Assuming that Z_{w} = Z_{g}, as done in much previous work (e.g., Erb 2008; Finlator & Davé 2008; Dayal et al. 2013; Hunt et al. 2016; Belfiore et al. 2019), implies that virtually all of the material in the outflow is ISM gas. The gas metallicity could be only a lower limit to the metallicity of the wind (e.g., Peeples & Shankar 2011), because the metals produced by SNe would be expected to enrich the gas above that of the galaxy (e.g., Vader 1986). Thus, to estimate Z_{w}, we also need to consider the fraction of gas that has been entrained in the wind, f_{ent}, and the metallicity of the SNe ejecta, Z_{eject} (see Dalcanton 2007; Peeples & Shankar 2011):
In lowmass galaxies, f_{ent} is found to be low, both observationally (e.g., Martin et al. 2002) and from simulations (e.g., Mac Low & Ferrara 1999). The entrainment fraction is closely related to the massloading factor of the wind η_{w}, and probably varies with galaxy mass (gravitational potential, see e.g., Hopkins et al. 2012). The maximum oxygen abundance of SNe ejecta Z_{eject} is known to within a factor of 2−3, Z_{eject} ∼ 0.04 − 0.1 (e.g., Woosley & Weaver 1995), and can constrain f_{ent} and η_{w} (e.g., Martin et al. 2002). The increase of ζ_{w} with decreasing virial velocity and stellar mass (see Fig. 2) is possibly due to diminishing f_{ent} to raise Z_{w} closer to Z_{eject}. To verify this, we need to isolate η_{w}, the massloading factor in the product ζ_{w} = η_{w}Z_{w}/Z_{g}.
7.2. The driving mechanisms behind stellar outflows
One way to do this is to compare the V_{circ} scaling of ζ_{w} with expected V_{circ} scalings of η_{w} (see Eq. (22)). Galactic outflows powered by stellar feedback are thought to be driven either by momentum, imparted to the ISM by massive stellar winds and SNe through radiation pressure (e.g., Murray et al. 2005, 2010; Hopkins et al. 2011; Zhang & Thompson 2012), or by energy, injected into the ISM by massive stars and corecollapse SNe (e.g., Dekel & Silk 1986; Heckman et al. 1990; Dalla Vecchia & Schaye 2012; Christensen et al. 2016; Naab & Ostriker 2017).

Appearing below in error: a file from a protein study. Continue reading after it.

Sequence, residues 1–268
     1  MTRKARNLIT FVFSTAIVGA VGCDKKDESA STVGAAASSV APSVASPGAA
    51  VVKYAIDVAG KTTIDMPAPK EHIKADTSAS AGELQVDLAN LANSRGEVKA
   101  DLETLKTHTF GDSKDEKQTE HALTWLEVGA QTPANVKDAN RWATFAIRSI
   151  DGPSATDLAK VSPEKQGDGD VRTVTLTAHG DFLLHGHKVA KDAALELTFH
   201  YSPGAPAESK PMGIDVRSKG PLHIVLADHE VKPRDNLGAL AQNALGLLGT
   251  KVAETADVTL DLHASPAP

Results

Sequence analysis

For outflows that conserve momentum, we would expect a powerlaw scaling while for energyconserving winds, (e.g., Dekel & Silk 1986; Murray et al. 2005; Hopkins et al. 2012). The only way such scalings can be reconciled with the (modified powerlaw) form of Eq. (22) is by a complementary scaling of Z_{w}. Examples of such complementary scaling are shown in Fig. 9 where the ratio of wind and ISM metallicities Z_{w} and Z_{g} is plotted against virial velocity V_{circ}. In the left panel of Fig. 9, we have taken the normalization of Z_{w}/Z_{g} to be the same as that as the bestfit of Eq. (22) using our Bayesian estimates, simply V_{circ}/V_{0}, where V_{0} = 32 km s^{−1} for symmetric Δη priors, and V_{0} = 35 km s^{−1} for priors with Δη ≥ 0. Both fits have powerlaw index b ∼ 2. The assumptions of momentumconserving or energyconserving outflows lead to different estimates for the trend of Z_{w}/Z_{g}.
Fig. 9. Ratio of inferred wind and ISM metallicities Z_{w}/Z_{g} plotted against virial velocity V_{circ}. Also shown (with arbitrary scaling) is the shape of Bayesian ζ_{w} as also plotted in Fig. 2; it is clearly not a power law, thus the different powerlaw forms of η_{w} introduce inflections in Z_{w}/Z_{g}. Left panel: as indicated in the legend, different trends of Z_{w}/Z_{g} are inferred by dividing the fitted form of ζ_{w} (see Eq. (22)) by various scalings of η_{w} (see text for more details). The shaded regions correspond to the trends allowed by the two different Bayesian estimates of ζ_{w} according to the different Δη priors. Right panel: brokenpower law trend for η_{w} found by Muratov et al. (2015) is shown as a solid heavy (gray) curve, where the inflection at V_{circ} = 60 km s^{−1} corresponds to a sharp decrease of Z_{w}/Z_{g} (see text for more details). The shortdashed (darkblue) curve shows the relation found by Mitchell et al. (2020), in the lowmass regime where stellar feedback dominates, and the longdashed (blue) curve shows the observed relation derived by Chisholm et al. (2018).